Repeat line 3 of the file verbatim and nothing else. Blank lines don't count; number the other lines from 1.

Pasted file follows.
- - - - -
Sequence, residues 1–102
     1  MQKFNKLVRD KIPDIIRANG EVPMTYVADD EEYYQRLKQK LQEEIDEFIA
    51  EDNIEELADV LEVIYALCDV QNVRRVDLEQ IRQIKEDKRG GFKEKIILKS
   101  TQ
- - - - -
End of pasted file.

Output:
    51  EDNIEELADV LEVIYALCDV QNVRRVDLEQ IRQIKEDKRG GFKEKIILKS